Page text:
I read a pamphlet about this one-room frame school house which for decades the state partially supported. This school on the Pamunkey reservation offered elementary education to a small number of children until it closed in the 1950s; but many Virginia Indians who desired to attend high school were denied admittance to the racially segregated public schools. In Virginia, they either had to leave home to attend a government Indian school in another state or quit school before completing their education. This Pamunkey Indian school is now part of the tribal museum on the Pamunkey Reservation.

Inside, three black chalk boards hung on the wooden wall. On one side of the room sat a wood burning stove. In the cold and chilly months, the warmth from the stove was a blessing to the young children. I enjoyed the history and heritage about this reservation.
The Pamunkey tribe is one of only two that still retain reservation lands assigned by the 1646 and 1677 treaties with the English colonial government.  The Pamunkey reservation is located on some of its ancestral land on the Pamunkey River adjacent to present day King William County. Virginia.
Since we are on a bus tour, our time at the reservation was cut short.  I wanted to see the fish hatchery that Pamunkey Indians maintain.  One of the main staple of their diet is fish. The Pamunkey have maintained a philosophy that if you took fish from the water, you should put some back.  I did learn a little information about their hatchery.
In 1918 they started an indoor fish hatchery with an 800 gallon holding tank, gas powered motor, hatching jars and holding tanks.  As soon as the eggs hatched, they were gravity-fed back into the Pamunkey River.  Since then, the Pamunkey Tribal expanded the hatchery from 12 hatching jars to 24 and upgraded the facilities and filtration system.
Now with a larger hatchery and more equipment to spawn the shad fish they can tag the shad to help document life history characteristics.  Spawning shad (broad stock) will be manually spawned and fertilized eggs will be incubated in the hatchery.  Upon hatching, the young shad fry will be intensively cultured for about a 16 day period.  During their stay at the hatchery, the dry will be marked with Oxytetracyclin (OTC) on a set sequence of days that will give the shad produced from the PTG hatchery a unique tag.  All shad produced from this facility will be released back into the Pamunkey River.

Should bicycling in the city be stressful?

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Should bicycling in the city be stressful?:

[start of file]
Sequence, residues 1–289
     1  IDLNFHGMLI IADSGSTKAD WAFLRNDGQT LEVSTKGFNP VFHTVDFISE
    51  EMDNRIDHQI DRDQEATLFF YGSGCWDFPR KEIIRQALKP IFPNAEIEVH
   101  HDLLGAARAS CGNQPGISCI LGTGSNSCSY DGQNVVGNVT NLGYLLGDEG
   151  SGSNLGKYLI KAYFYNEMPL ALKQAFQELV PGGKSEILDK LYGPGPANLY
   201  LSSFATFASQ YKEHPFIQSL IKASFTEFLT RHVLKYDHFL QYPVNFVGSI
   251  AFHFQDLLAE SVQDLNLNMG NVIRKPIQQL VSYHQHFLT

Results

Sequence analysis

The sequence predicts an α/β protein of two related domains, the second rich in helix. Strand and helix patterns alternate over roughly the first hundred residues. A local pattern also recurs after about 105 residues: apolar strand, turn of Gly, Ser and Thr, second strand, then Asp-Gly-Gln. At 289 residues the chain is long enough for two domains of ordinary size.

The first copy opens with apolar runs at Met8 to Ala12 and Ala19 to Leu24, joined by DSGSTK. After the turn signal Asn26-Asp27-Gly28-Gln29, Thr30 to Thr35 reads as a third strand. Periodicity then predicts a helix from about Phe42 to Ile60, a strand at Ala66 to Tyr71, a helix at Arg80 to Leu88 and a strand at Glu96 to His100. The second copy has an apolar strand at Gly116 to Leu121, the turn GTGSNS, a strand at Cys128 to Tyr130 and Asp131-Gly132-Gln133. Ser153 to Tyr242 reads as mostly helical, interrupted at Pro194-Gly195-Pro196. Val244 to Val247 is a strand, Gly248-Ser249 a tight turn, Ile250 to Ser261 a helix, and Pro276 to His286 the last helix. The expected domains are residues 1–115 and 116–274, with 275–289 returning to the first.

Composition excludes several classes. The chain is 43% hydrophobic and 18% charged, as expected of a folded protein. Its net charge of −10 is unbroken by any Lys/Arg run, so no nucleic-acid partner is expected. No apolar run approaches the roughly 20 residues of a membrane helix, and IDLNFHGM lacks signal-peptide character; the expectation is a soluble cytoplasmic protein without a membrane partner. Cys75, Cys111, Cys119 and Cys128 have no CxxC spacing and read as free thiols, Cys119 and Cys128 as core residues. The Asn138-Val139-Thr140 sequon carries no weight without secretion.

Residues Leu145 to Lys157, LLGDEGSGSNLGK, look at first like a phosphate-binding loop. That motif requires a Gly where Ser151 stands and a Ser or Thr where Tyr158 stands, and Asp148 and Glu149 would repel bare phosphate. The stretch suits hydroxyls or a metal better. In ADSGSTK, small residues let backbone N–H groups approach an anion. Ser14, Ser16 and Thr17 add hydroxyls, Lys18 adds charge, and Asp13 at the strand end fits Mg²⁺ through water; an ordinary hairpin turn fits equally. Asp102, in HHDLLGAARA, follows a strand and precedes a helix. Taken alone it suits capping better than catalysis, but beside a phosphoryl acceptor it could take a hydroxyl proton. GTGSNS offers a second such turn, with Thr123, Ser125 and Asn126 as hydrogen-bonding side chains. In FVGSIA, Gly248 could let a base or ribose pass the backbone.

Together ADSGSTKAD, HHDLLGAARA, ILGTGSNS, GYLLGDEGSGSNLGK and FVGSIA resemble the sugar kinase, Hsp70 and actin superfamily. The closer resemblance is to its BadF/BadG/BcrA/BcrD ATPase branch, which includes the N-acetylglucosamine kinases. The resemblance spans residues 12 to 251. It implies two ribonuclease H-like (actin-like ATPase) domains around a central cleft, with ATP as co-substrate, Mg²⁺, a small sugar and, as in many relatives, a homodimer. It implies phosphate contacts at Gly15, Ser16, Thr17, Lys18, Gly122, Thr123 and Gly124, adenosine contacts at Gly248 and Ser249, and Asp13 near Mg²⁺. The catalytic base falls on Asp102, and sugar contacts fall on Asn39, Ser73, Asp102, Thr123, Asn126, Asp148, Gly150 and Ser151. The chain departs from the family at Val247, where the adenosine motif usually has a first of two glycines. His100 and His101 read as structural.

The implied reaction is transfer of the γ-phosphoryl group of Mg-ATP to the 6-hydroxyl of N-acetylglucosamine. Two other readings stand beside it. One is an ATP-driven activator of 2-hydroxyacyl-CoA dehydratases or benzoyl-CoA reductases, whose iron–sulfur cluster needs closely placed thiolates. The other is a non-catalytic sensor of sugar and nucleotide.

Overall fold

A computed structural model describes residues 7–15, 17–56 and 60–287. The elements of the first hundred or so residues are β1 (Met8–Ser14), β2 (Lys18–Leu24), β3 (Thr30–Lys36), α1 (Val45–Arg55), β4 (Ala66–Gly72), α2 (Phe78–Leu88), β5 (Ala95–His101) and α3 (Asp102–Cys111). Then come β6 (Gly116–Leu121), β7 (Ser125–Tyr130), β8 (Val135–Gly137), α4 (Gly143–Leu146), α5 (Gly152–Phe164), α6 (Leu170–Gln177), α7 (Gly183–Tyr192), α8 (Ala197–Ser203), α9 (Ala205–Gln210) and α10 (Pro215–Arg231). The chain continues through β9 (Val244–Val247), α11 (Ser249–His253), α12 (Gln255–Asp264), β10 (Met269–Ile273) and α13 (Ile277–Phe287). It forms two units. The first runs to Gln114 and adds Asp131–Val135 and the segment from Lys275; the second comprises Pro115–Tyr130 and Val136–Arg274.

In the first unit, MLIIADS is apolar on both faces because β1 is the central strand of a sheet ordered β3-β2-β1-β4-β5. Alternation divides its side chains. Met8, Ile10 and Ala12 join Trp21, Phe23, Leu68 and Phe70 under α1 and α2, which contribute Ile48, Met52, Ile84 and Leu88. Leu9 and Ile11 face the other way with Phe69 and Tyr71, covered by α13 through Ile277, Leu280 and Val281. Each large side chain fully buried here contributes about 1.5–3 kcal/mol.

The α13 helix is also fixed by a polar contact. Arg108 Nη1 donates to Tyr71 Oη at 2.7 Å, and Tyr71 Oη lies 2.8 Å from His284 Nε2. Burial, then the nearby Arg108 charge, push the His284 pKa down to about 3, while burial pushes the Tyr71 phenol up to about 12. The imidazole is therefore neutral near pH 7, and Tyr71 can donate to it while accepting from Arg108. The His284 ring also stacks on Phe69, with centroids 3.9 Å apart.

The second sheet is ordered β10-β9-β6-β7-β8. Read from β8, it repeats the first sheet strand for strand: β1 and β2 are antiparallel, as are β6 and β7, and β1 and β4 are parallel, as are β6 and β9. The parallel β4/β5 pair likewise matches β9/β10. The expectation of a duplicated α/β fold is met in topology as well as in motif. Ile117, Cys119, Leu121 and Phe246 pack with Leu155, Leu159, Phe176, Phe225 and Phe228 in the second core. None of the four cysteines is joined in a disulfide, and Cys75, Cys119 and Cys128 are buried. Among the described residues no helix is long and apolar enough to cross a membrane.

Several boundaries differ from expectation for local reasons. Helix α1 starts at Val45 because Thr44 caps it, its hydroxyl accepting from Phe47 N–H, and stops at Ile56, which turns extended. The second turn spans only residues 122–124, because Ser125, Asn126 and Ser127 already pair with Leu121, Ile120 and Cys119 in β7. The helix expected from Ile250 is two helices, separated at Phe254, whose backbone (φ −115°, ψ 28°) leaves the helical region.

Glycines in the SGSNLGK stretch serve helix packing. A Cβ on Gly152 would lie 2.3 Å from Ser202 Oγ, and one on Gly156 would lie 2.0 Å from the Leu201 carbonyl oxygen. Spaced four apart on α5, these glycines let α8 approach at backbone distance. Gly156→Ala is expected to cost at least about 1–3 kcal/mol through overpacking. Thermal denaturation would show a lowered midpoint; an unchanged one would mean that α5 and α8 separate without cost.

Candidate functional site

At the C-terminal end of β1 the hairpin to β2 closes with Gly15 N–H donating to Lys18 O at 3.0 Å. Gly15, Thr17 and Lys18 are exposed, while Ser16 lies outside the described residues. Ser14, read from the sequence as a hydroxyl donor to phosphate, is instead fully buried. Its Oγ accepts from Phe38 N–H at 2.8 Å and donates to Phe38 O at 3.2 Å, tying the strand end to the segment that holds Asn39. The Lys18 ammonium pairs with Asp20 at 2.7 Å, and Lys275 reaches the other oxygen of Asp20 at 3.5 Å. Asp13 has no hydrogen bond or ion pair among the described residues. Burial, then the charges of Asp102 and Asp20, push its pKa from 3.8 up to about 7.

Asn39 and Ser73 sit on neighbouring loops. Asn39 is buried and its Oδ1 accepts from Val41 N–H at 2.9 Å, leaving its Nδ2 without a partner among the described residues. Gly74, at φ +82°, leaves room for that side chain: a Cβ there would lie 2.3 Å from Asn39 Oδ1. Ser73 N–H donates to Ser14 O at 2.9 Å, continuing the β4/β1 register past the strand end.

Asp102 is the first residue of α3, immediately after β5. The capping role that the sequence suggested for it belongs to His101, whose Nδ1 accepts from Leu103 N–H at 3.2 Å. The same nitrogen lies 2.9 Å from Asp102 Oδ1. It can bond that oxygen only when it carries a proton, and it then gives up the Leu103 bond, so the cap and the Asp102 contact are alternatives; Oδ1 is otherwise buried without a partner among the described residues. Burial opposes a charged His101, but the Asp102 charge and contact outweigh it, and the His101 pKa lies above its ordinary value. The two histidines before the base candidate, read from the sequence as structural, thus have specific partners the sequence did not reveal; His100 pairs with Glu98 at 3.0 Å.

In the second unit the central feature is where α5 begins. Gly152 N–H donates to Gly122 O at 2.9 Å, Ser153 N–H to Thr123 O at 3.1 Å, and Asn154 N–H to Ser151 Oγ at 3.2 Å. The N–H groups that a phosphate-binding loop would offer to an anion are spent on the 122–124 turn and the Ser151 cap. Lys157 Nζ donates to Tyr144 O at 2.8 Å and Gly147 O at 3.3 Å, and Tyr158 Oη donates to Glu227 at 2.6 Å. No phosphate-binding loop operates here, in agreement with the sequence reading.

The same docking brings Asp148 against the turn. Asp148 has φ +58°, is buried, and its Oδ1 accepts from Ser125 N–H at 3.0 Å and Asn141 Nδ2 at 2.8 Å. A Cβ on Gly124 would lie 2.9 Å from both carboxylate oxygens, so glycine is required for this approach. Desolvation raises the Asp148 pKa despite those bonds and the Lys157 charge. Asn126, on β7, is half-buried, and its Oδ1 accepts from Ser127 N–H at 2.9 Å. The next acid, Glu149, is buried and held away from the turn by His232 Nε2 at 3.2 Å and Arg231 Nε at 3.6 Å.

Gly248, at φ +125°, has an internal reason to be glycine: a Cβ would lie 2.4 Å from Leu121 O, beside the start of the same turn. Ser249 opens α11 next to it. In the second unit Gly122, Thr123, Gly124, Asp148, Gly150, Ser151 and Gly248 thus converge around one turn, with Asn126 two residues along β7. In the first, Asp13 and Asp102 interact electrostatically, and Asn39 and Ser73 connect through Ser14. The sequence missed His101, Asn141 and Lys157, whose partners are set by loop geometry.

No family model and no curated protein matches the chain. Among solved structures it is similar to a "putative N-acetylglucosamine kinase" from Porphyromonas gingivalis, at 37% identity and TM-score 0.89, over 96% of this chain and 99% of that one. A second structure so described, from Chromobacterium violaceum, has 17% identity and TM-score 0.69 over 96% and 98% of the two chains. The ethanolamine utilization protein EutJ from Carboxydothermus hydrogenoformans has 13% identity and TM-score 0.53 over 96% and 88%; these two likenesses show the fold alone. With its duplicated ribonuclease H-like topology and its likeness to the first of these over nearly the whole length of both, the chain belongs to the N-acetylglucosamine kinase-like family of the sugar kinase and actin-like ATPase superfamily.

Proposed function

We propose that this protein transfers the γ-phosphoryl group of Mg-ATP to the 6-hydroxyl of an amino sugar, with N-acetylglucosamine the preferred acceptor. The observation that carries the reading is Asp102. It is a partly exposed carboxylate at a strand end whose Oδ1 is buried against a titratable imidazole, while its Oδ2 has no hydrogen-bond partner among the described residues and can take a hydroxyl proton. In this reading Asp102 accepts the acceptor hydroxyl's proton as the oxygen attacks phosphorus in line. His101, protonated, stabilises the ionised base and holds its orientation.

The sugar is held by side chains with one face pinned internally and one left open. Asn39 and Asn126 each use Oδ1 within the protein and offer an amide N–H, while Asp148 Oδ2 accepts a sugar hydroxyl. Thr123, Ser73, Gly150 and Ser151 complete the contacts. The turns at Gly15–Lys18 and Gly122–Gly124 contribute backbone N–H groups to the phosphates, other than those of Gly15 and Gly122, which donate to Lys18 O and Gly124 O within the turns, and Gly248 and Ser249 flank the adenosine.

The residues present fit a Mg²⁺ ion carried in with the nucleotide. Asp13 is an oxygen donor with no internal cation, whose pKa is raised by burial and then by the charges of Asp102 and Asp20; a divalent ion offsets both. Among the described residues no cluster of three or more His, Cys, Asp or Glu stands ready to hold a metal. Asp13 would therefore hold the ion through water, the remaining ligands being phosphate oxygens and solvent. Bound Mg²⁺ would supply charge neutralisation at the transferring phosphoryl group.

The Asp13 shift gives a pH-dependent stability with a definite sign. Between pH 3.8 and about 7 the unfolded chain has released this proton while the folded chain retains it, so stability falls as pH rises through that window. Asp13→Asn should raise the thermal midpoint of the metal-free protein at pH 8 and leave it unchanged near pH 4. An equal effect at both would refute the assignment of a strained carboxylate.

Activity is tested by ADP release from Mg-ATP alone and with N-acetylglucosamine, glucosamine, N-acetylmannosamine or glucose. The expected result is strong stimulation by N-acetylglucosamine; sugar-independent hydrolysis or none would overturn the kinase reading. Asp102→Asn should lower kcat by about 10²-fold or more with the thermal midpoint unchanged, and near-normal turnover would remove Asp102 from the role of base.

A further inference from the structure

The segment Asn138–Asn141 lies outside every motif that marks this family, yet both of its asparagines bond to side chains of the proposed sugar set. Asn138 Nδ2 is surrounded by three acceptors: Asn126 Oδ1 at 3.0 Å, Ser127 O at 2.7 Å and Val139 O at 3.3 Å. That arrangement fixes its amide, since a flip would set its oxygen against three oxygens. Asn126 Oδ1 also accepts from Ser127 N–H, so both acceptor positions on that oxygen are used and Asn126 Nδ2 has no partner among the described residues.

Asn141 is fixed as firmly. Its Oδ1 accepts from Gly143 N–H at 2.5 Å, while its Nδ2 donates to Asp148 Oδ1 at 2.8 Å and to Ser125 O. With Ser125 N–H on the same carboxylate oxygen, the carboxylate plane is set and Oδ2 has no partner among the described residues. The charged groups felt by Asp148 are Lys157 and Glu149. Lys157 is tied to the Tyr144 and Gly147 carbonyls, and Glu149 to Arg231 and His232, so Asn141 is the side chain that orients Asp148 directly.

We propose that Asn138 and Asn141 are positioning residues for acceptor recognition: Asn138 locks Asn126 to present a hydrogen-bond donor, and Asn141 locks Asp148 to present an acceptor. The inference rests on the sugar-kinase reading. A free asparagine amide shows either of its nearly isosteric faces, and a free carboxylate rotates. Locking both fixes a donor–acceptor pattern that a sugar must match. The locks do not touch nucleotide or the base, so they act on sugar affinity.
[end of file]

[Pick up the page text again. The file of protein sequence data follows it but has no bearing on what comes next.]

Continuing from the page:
It’s Thursday about 2:00pm.  The weather is very hot, about 95% humidity with temperatures in the high 80’s.  The dark grey skies looked as though the thunder, lightning and rain is about to let loose.  I cut my bike workout short.  The traffic is heavy especially on Maxwell.  Yates elementary school is off of Maxwell.  The fleet of school buses is on the move heading to Yates.  In addition to the buses and cars, parents are huddled on the corners waiting to give comfort to their love ones as they get off the bus.

Biking in the city is not a great stress relief.  City biking does help improve alertness, reflexes, and to keep focus in a 360 degree radius. The stress I encompass is coming to an intersection.  The light is green my way. Traffic is coming against me.  I wonder.  Do I take a chance if the car coming toward me is going to go straight or will it turn?  The car doesn’t indicate it will turn; just as I am ready to cross, the driver sees me and then turns on the signal.  Emergency braking, I pull on both rear and front brakes at the same time and come to a screeching halt in a stand up position.

I try to ride on the pavement if at all possible; even that is a challenge.  I need to be alert for broken glass; sometimes I don’t see it until I am almost on top of it.  One time I came upon some pieces of glass and had to quickly turn the handle bar to avoid the tiny shards of glass.  I barely miss the glass, only to come within inches of hitting a fire hydrant.

Other times you have people walking with their ear buds on listening to what ever, anything but to me.   I slowly come behind them and I call out “Coming to your left” Sure enough they look startled and do a quick move to the their left, then another quick step to their right.   It looks almost like a dance step.  They apologize and I smile and say no problem.

By R. Smith